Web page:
Wine Wednesday Wordologie: “V” is for “Vintage”

Wine Wed Word Vintage general

Have you ever looked at a champagne label, seen the word “vintage,” and thought to yourself “Why in the world would I want to drink wine that was 20 or 25 years old?”

Couture lovers know that the typical rule is that clothing is considered vintage once it hits the 25-year mark. But we’re talking vino here people, not fashion! Evidently it’s time for another Wine Wednesday Wordologie lesson!

Wine Wed Word Vintage definition

Origin of VINTAGE

Let’s break down the origins of today’s “term of effervescence” for a little fun:

Middle English, probably alteration of vendage, from Anglo-French vendage, vendenge,
from Latin vindemia grape-gathering, vintage,
from vinum wine, grapes + demere to take off, from de-+ emere to take —
more at wine, redeem
First Known Use: 15th century

As you can see the origins of the word really stem {you see what I did there? Stem? Grapes have stems…? Ah, never mind.} from wine/grape harvesting, which we know has been around for centuries, so the use of the word to describe old cars; clothing; and furniture is really relatively recent. Identifying a vintage wine is a simple as looking a the label, since the word “vintage” and/or the harvest year will be listed.
Drappier champagne label

{image courtesy of}

Just as an added bit of Bubbleista advice, if you ever in life come across a bubbly where the “vintage” year is the same as the year we are currently in, you probably want to leave that wine in the shelf right where it belongs. Why? Because all French vintage Champagne must remain on the lees {to learn more about “lees” click here} for a minimum of three years after the commencement of the second fermentation in the bottle. As you already know if you’ve been following along with Wine Wednesday Wordologie, a champagne remaining on its lees is what adds more complex flavors to the final product. My mouth is watering just thinking about the deliciousness…
The elusive, often heard of but seldom seen 1985 Rare Vintage Rosé {photo © Jamie Glover Dabbs}

The elusive, often heard of but seldom seen 1985 Rare Vintage Rosé {photo © Jamie Glover Dabbs}

Now back to business! The general perception is that vintage champagnes are superior in quality because most vignerons and wine makers only make vintage champagnes from years that have an exceptionally superior harvest when the growing conditions are optimal and virtually perfect for growing the tastiest grapes. There are no laws that govern which year is determined as vintage years, but rather each champagne house determines on its own whether the weather conditions that year were conducive to producing a Vintage Champagne.  Typically only about 10%-15% percent of the total champagne made will ultimately be designated as vintage champagne.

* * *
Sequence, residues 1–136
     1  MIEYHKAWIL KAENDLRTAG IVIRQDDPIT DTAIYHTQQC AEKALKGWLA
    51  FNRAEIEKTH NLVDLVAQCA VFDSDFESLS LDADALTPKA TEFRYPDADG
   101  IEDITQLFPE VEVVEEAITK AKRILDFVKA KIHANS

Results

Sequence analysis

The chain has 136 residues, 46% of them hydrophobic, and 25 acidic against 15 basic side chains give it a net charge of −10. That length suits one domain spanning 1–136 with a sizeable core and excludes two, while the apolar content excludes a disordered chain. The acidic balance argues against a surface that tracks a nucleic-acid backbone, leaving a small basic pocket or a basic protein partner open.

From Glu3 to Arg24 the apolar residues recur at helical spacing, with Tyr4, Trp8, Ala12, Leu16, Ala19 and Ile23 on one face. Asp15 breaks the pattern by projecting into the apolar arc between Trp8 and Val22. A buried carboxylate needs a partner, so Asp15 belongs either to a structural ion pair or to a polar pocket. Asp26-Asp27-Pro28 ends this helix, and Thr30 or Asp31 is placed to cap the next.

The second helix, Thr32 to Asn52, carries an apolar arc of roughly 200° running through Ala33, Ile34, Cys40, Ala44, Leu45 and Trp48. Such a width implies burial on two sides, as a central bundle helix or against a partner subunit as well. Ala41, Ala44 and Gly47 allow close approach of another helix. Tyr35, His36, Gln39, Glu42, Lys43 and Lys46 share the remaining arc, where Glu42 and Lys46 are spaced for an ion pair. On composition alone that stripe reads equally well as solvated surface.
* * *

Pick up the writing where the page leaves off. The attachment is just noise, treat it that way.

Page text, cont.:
That said, there is also the perception that all vintage champagnes are of superior quality to those that are made from a blend of wines from different years. According to Wine & Spirits Magazine Wine Critic {who specializes in champagne} & Senior Correspondent Peter Liem:
Oftentimes a vintage champagne is perceived to be of intrinsically higher quality than a non-vintage champagne, but in theory, this is not necessarily true. In practice, however, vintage champagnes tend to be made from a stricter and higher quality selection of grapes, thus intended to be made as a higher quality wine than the same producer’s entry-level non-vintage brut. However, some producers will make top-quality champagnes from a blend of multiple vintages—Laurent-Perrier’s Grande Siècle, Krug’s Grande Cuvée or De Sousa’s Cuvée des Caudalies, for example—and these should not be viewed as inferior simply because they lack a vintage date.
Laurent Perrier vintage champers

Superior or not, I always jump on any opportunity to sip a vintage champagne because I know I’ll never again taste another one exactly like it. Since weather and climate are different from year to year–rain levels; amounts of sunshine; temperature, etc–and are such dynamic and variable forces/factors that have an influence on wine’s taste, no 2 growing seasons are going to be identical. Subsequently, the wines resulting from those growing seasons will never be identical either.

Moral of the story? Always. Drink. The vintage bubbly.

So what vintage bubblys have you tried that you love? You tell me yours and I’ll tell you mine!